The experience served as a reality check. After buying out her original partner in 2014, “I started to dream big,” said González. She began calling on additional companies to ask for discards beyond buttons and stepping up efforts to sign on retail clients.
The raw materials still come as donations. For example, “the PepsiCo Foundation asked what we were doing for Argentina’s women,” she said. “We told them of our employment practices,” which draw from the country’s poorest. Materials from recycled bottles are now part of Greca’s jewelry line.
In 2015, Greca also partnered with Totebag, an Argentinian manufacturer of textile products that shared Greca’s social and environmental values. That company’s founder, Lorena Nuñez, joined with Greca to set up Papastudio to test new recycled materials and provide designs and tools for other entrepreneurs.
After enrolling in the ECLA program in 2016, González has learned to be more selective. Rather than stock large quantities of inventory, the company identified the 25 top sellers, vowing to make the rest of the items on demand.
Still, something was missing, and González called her visit to Dharavi her “aha moment.” In December Daravi moved its factory to Garrote, a slum in Argentina’s Tigre Sur District, to bring the work closer to employees. Rather than contract with cooperative organizations, as it had done in the past, the company now hires individuals, a move to achieve better quality control. González is currently interviewing candidates for a training and production leader. “This year has been about understanding our production process,” said the entrepreneur.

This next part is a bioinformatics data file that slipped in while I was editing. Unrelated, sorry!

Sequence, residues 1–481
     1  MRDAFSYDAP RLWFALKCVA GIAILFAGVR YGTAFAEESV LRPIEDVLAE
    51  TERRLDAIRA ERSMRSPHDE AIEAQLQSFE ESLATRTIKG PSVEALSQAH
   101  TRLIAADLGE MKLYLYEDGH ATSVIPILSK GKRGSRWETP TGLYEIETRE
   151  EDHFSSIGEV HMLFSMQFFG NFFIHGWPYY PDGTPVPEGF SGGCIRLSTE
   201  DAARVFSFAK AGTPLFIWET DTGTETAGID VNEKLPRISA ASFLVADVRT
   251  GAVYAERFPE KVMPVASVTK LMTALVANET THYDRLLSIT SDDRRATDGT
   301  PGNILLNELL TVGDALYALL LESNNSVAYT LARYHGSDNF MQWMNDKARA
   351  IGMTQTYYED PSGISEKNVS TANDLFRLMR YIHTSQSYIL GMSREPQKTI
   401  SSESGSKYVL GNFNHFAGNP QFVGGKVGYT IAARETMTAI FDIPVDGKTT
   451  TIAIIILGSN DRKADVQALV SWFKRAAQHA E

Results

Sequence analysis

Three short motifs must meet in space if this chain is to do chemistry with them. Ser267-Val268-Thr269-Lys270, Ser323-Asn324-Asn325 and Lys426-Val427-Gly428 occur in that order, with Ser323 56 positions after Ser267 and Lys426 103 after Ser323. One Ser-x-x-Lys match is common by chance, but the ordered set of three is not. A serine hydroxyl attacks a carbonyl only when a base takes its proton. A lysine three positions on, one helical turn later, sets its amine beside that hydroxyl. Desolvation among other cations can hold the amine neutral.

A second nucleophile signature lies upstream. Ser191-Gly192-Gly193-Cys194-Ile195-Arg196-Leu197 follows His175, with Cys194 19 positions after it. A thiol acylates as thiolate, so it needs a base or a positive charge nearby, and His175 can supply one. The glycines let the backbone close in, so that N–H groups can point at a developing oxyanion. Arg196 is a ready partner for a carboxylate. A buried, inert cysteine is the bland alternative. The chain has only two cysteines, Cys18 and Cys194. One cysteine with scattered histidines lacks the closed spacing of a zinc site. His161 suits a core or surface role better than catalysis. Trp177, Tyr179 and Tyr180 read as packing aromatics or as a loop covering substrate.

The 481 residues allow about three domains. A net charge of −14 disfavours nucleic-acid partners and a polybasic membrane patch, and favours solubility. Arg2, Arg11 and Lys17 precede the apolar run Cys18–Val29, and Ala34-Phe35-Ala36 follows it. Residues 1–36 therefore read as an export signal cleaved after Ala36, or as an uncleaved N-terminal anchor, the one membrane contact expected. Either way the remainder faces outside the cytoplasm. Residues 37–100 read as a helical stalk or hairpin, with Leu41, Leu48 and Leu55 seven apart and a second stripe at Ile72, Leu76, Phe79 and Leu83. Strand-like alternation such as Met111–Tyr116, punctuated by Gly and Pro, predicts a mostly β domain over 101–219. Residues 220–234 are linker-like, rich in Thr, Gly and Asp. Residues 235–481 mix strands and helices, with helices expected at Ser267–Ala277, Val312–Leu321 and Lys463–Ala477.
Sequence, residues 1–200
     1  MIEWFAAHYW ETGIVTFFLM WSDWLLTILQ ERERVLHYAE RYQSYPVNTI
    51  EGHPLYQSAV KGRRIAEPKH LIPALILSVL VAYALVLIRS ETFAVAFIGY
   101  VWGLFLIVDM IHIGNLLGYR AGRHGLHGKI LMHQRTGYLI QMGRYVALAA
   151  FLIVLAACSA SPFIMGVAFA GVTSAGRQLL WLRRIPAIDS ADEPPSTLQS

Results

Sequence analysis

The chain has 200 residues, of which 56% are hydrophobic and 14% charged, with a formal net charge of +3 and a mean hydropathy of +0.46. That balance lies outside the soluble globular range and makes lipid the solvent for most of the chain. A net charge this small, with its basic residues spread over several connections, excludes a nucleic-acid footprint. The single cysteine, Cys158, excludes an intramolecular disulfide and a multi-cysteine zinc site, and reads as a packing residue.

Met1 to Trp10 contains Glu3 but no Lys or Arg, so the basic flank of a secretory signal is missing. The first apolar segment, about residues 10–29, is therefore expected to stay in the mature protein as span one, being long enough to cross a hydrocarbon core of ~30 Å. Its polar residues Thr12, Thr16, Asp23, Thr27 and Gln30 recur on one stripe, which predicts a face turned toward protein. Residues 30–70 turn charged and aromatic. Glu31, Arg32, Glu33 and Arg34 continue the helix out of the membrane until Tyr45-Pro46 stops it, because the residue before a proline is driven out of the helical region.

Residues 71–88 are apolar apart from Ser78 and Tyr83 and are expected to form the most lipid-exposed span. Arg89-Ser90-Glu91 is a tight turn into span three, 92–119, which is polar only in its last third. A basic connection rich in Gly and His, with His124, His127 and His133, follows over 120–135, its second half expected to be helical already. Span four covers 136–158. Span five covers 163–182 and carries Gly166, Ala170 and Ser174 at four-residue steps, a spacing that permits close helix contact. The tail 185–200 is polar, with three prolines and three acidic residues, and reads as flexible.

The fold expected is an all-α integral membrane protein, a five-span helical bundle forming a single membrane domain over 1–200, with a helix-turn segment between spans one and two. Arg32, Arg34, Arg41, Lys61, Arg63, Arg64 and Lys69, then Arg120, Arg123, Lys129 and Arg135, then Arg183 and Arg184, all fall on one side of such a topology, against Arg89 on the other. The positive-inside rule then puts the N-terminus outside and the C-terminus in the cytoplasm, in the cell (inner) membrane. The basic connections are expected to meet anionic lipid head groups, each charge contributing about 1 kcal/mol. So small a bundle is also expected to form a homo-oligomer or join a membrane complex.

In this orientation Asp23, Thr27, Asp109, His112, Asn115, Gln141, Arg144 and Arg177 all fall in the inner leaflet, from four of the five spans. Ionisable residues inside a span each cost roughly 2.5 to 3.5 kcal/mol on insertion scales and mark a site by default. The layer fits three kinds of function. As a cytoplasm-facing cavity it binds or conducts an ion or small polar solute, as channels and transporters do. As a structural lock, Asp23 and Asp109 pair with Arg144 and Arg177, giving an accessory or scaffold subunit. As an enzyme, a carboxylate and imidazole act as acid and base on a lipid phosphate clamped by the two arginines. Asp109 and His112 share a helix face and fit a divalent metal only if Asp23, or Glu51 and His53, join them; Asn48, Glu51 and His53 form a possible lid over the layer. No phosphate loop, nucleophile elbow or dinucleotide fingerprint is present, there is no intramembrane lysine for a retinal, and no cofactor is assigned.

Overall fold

Startup costs for the factory’s molds and other equipment run $60,000 to $80,000, but González admitted she still isn’t certain what maintenance costs will be. Once she gets a handle on operating expenses and procedures and is convinced that the model is sustainable, she plans to open additional factories in other Argentinean slums. “We want to generate a replicable model of factories using discards to give work throughout Argentina and Mercosur,” she said.
In addition to cash flow, Daravi will draw on government support and corporate grants to reach the scale González thinks is crucial, and she is busy lining up meetings with possible sponsors. “Both sectors are interested in recycling and employment,” she said, “but the public never thinks of the commercial side and private business is not so invested in the public interest.”
By shoring up Daravi’s corporate side, González hopes, Argentina’s slums will bring some beauty and whimsy to the world — and empower its women.
Columbia Business School Professors Mark Cohen and Medini Singh were the company’s advisors during the Entrepreneurship and Competitiveness in Latin America program.